“Historical reconstruction reveals recovery in Hawaiian coral reefs,” is available online at

Virtual Institutes to Support the Scientific Collaborations of the Future

U.S. and International Researchers Join NSF Director Subra Suresh to Announce SAVI, Science Across Virtual Institutes

The National Science Foundation (NSF) today announced Science Across Virtual Institutes (SAVI), an effort to motivate collaboration among scientists and educators around the globe to spur scientific discovery. By connecting researchers with common interests and goals, SAVI can better leverage taxpayer resources while helping to address some of society’s most vexing problems.

Building on beneficial partnerships initiated by NSF-supported researchers, research institutes and universities, SAVI projects will address common challenges and serve as creative hubs for innovative research and education activities across borders.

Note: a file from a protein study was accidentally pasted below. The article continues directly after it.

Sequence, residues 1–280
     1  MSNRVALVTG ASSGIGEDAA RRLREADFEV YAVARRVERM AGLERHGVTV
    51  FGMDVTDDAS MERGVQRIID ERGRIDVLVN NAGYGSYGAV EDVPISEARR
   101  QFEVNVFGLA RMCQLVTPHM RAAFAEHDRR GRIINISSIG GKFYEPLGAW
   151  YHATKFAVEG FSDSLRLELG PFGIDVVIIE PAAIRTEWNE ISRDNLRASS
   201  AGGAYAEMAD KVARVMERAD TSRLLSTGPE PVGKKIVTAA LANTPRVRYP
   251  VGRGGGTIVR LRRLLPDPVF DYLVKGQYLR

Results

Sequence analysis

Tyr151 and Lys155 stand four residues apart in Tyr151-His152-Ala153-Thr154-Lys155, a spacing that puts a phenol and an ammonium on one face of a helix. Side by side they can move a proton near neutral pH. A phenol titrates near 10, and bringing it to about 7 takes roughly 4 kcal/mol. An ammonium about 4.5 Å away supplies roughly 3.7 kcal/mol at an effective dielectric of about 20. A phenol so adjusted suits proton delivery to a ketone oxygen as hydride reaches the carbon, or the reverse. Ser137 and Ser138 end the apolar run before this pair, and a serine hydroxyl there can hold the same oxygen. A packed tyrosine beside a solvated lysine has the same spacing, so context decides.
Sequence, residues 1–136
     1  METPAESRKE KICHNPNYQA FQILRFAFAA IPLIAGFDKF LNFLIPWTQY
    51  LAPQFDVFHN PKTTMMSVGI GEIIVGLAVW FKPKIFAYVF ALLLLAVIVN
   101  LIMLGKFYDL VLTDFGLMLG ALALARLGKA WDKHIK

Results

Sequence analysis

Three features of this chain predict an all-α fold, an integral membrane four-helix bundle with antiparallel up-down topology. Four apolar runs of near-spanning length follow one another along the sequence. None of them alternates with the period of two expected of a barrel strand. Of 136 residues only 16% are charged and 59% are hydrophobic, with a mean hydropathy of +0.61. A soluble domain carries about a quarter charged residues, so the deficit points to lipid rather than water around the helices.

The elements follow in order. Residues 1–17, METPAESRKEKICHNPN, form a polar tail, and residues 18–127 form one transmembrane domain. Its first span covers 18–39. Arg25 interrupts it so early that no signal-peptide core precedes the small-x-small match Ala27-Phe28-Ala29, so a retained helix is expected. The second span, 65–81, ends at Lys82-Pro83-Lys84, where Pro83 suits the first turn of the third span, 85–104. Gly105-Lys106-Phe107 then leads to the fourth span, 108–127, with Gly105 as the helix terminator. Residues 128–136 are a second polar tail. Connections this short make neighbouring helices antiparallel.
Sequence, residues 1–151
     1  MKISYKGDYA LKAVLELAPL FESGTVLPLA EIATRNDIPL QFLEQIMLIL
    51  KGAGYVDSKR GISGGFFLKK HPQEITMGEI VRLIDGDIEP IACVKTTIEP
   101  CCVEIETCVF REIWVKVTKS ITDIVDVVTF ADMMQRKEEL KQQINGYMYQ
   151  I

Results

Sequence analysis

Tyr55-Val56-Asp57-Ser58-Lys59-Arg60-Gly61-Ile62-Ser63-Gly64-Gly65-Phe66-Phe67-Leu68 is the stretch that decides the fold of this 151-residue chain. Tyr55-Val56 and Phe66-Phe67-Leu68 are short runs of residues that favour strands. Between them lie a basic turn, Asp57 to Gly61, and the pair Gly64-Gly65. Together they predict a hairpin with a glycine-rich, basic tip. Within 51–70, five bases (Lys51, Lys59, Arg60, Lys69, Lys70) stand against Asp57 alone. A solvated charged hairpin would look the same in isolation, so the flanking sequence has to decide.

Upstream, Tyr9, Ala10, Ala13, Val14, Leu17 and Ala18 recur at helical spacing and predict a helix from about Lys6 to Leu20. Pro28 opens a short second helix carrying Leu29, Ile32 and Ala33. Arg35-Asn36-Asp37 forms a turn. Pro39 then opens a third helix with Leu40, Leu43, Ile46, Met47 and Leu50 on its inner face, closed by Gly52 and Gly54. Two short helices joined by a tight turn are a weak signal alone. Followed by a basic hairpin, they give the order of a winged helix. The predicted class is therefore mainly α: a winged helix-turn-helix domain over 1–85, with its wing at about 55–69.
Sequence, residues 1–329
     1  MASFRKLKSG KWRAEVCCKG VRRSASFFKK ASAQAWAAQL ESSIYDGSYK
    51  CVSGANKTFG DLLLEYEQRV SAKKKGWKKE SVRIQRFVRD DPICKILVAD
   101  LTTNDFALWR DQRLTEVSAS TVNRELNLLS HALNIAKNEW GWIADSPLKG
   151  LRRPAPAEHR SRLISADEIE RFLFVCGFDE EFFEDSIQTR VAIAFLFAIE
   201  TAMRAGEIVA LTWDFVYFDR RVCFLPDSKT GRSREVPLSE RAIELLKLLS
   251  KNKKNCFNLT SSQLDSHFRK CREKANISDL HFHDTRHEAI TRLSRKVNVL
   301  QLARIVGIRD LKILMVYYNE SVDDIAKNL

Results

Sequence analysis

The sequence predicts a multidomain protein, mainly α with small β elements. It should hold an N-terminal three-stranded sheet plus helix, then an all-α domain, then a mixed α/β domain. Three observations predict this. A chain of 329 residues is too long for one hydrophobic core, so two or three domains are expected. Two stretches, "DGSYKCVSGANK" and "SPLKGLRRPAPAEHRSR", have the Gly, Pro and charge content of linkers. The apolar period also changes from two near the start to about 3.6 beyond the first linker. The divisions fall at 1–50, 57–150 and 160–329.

SAVIs are built on relationships initiated by teams of NSF supported researchers, research institutes and universities. SAVI’s impact will be felt in:

•Creating virtual institutes through networking among NSF-funded, U.S. researchers and international collaborators that have complementary strengths and common interests; 

•Facilitating science, technology, engineering and mathematics (STEM) research and education partnerships among NSF-funded research centers/institutes–both virtual and real–and their international counterparts;

•Providing students, postdocs and junior faculty opportunities for research experiences abroad that lead to long-lasting international collaborations; and